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And SSRI's are only slightly better than placebo. Placebo is strong, people who feel they understand themselves better will report they are better even if they are not. Panic disorder is a heavily biologically based/derived disorder that requires appropriate tx's. Most people who say they have "panic attacks" do not have panic disorder.

Logic is a bit fuzzy. I just want to give an example how the (proposed) pathophysiology of something may have nothing or little to do directly with therapy.

We all know that asthma is an immune mediated process. Yet the first line treatment for asthma is albuterol. How can something that works on the sympathetic nervous system possibly alleviate a reactive immune disease? The answer-- its complicated. By drawing lines between the immune system and the nervous system we limit our ability to understand the whole process of asthma. And, by drawing a line between the neurobiological and the psychologic it inhibits your ability to fully understand either of them and the role they play in panic d/o, and any other disorder.

A "maily biological based d/o" is an inane concept as grounds for argument against psychotherapy. For one, any amount of non-biologicalness demonstrates a role for other modalities to intervene-- and even if it were possible for psychological factors to not have any role at all in the development of panic d/o, psychotherapy may also still have a role as the above example demonstrates (possibly compensatory, or other mechanism...)

The only way to determine the efficacy of psychotherapy in a given d/o is through a sufficiently powered RCT. This study seems to show an effect at only 3 months-- and it seems that this is even supprising given meelu's reaction that you may not expect to see differences in 6 months of more intensive training. That the beauty of EBM. (the dark side of EBM is another story...)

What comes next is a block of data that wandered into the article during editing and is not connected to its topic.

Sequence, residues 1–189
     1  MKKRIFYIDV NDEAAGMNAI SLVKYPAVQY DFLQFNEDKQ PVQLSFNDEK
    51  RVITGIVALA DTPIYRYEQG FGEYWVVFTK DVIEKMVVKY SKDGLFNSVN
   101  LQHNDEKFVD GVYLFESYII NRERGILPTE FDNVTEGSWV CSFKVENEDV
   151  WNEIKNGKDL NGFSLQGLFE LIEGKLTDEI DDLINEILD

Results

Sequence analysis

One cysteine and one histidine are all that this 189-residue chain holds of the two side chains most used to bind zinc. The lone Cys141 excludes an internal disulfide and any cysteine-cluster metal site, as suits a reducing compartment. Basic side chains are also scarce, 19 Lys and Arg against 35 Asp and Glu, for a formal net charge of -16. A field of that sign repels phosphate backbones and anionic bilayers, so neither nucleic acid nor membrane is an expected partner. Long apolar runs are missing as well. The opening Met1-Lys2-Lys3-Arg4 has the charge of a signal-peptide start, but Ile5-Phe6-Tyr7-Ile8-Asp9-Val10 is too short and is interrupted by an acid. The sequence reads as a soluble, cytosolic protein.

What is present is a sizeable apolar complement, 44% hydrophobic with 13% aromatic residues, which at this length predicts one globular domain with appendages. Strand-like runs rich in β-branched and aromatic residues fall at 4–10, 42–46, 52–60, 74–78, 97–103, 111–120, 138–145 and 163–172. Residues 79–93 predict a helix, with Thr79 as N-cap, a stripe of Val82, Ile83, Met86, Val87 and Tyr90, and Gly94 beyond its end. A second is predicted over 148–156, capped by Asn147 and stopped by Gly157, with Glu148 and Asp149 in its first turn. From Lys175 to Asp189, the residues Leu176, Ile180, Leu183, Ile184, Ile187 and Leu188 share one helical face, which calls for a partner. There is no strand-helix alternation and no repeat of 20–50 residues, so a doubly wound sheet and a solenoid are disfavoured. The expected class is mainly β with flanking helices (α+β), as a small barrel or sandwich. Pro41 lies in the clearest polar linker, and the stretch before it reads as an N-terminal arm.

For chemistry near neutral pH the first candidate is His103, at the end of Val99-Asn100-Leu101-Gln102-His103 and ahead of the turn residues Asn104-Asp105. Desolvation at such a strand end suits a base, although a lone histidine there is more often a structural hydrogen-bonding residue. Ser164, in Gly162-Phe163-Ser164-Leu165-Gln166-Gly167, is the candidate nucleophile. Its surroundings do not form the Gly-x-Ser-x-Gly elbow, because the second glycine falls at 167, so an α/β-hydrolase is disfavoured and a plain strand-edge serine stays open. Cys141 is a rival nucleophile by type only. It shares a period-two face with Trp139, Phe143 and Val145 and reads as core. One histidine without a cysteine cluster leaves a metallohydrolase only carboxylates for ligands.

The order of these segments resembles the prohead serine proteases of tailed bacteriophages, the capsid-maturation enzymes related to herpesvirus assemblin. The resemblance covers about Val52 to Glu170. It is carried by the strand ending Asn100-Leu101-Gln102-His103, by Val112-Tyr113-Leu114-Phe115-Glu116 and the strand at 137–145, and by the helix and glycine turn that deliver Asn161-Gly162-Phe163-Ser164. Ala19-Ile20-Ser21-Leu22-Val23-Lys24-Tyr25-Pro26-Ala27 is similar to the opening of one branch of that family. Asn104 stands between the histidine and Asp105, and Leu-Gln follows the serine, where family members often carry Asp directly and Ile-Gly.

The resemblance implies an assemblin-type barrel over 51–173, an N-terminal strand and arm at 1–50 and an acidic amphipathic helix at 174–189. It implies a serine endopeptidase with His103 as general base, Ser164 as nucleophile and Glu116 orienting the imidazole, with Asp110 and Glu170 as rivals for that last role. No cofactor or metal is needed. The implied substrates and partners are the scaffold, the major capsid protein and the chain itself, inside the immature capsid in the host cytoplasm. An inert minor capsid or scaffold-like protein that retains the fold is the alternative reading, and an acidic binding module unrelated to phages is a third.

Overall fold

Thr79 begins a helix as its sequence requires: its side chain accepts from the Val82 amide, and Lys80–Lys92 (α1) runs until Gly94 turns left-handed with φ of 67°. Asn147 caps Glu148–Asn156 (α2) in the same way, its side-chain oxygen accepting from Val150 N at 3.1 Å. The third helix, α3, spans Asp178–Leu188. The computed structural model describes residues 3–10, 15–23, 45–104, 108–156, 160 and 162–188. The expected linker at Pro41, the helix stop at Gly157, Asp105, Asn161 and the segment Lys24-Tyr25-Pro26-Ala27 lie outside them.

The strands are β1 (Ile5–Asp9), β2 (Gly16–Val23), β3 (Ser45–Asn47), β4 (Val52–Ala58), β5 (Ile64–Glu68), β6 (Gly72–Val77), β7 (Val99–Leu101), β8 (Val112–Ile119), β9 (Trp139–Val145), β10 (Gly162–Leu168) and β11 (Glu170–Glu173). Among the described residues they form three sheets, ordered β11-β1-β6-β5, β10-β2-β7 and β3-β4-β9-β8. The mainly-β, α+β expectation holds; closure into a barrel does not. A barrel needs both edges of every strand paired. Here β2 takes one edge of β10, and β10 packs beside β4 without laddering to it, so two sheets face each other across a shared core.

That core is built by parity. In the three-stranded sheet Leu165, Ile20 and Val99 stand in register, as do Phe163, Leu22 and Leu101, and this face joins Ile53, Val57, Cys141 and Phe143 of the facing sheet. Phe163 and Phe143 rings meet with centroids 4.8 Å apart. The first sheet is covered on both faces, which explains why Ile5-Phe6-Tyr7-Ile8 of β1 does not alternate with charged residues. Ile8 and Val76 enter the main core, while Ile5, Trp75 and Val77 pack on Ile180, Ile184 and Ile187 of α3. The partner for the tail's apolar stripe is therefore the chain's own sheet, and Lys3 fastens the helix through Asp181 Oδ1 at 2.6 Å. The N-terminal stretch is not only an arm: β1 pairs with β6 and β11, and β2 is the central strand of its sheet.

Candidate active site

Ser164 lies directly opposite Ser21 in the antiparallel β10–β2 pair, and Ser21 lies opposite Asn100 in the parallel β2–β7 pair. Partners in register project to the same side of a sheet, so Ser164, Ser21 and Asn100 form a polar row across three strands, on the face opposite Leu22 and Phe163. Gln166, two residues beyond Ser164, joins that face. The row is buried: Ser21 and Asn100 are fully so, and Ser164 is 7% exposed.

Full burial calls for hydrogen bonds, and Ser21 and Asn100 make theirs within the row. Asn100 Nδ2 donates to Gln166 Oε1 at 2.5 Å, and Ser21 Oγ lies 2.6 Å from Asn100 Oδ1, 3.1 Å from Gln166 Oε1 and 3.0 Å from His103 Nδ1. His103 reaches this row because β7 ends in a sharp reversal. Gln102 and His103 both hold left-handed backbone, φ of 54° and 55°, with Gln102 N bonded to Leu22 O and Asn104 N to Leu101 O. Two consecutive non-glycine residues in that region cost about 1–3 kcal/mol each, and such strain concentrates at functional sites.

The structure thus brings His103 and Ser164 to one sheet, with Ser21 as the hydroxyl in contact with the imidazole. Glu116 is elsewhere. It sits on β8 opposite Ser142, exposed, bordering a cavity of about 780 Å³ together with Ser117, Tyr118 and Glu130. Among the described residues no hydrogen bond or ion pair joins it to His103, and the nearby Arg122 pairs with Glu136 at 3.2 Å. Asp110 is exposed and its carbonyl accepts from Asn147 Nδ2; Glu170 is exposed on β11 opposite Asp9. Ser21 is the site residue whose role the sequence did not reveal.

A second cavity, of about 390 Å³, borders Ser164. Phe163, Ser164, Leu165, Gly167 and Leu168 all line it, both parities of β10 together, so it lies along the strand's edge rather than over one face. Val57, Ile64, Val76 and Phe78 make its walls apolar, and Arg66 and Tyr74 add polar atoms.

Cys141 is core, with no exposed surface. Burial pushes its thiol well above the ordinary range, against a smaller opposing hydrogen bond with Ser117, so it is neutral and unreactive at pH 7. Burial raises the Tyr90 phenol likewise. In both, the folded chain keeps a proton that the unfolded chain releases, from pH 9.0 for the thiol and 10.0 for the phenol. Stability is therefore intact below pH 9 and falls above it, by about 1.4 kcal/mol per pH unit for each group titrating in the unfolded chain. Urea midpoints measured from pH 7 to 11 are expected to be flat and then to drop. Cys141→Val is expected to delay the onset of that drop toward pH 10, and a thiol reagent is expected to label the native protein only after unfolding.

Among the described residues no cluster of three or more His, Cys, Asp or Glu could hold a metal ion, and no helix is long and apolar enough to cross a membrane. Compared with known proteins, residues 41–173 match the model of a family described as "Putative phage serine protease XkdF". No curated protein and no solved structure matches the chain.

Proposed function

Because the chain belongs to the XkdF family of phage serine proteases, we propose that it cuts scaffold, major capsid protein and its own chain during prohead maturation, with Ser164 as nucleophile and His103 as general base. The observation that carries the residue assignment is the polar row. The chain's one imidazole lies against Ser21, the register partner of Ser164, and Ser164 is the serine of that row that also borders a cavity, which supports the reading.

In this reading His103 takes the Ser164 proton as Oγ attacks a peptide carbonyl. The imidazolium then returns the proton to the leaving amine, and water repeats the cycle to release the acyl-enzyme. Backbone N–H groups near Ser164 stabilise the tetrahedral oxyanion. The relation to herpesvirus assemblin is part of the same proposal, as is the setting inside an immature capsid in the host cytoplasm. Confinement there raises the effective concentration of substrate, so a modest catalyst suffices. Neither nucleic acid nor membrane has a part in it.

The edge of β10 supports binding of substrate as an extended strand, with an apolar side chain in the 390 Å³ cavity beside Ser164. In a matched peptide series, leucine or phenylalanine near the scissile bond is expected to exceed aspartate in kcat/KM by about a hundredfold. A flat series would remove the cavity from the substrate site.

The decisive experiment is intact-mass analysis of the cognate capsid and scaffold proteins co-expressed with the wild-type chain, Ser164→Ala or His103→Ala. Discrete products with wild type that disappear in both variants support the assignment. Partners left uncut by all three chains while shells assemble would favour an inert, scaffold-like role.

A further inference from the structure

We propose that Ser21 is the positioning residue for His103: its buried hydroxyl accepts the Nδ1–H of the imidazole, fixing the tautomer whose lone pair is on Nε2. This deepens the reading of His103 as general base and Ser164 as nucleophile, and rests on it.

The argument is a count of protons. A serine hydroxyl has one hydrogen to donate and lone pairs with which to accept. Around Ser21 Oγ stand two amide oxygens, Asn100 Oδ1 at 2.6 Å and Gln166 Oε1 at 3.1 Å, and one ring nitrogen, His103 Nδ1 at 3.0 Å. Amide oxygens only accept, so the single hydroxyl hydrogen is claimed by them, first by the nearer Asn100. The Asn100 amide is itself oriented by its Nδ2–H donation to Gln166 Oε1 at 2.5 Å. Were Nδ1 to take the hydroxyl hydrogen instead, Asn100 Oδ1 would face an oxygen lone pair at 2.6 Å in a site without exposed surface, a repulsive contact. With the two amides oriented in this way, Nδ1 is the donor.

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In no way was I trying to make the old mind-body split, and I fully realize the the mind aspect of even heavily biologically based psychopathology. I was trying to make a point by being extreme. Your example is a bit different because in that case the albuterol is treating the expressed sx of the disease, rather than the disease itself. That is useful to a degree of course. However, as you know SSRIs have been shown to actually treat the core malfunctions of the disease itself in the case of panic d/o, PTSD etc..., as well as the sx's. CBT, and more directed behavioral tx's are probably doing the same thing, but psychodynamic tx is much more likely to be the albuterol, thus treating only the sx's.
 

LM02

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There certainly was a control group.
Psychodynamic psychotherapy was compared to an active comparator: I believe it was relaxation therapy. The time spent with a therapist was equal in the two groups.

The problem is that relaxation therapy has been shown to be inferior to CBT for PD; so not choosing CBT as a comparator was a little wimpy on the part of the investigators. Still, this was a good start. Hopefully, we'll see more trials like this and psychodynamic psychotherapy will be eventually held to the same standards of evidence as other types of treatament.

Nortomaso hit the nail right on the head. The relaxation condition was not considered an "active control." Rather, it was essentially a placebo used to control for the "non-specific" effects of attention and time. It has not been shown to be efficacious for panic, in and of itself.

Barlow's Panic Control Treatment (PCT) is the gold standard of psychotherapy for panic disorder. The focus of this treatment (which is essentially "CBT for panic disorder") is to provide interoceptive exposure with the aim of habituating to feared stimuli. The model is based on simple empirically-supported behavioral principles - and is often touted as our most successful psychotherapy for a specific condition. The treatment can be brief. I have successfully treated individuals over 3-4 months with weekly sessions.

The next step is to compare this psychodynamic treatment to PCT, to see if there is any incremental benefit to using it. Further, long-term follow-up studies will be necessary in order to determine whether there is differential time to relapse/recurrence.

Edited to add a link to excellent review of CBT for panic:

http://www.ncbi.nlm.nih.gov/entrez/..._uids=15842185&query_hl=6&itool=pubmed_DocSum
 

maranatha

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It makes no sense psychologically, neurologically etc...:cool:

So what? I'm not claiming to be a fan of psychodynamic therapy(I don't have enough experience or knowledge to take an informed stance), but questioning the validity of a study b/c it doesn't fit into a theoretical construct in no ways disproves that the treatment is effective. This mistake has been repeated many times in the history of science. Quantum mechanics versus Newtonian physics is probably the best example. I realize that is an extreme example, but the goal of a study like this is not to find something that works within a preconceived theory. You may be perfectly correct in assuming that the placebo had more of a role to play then the therapy. That is another issue, though.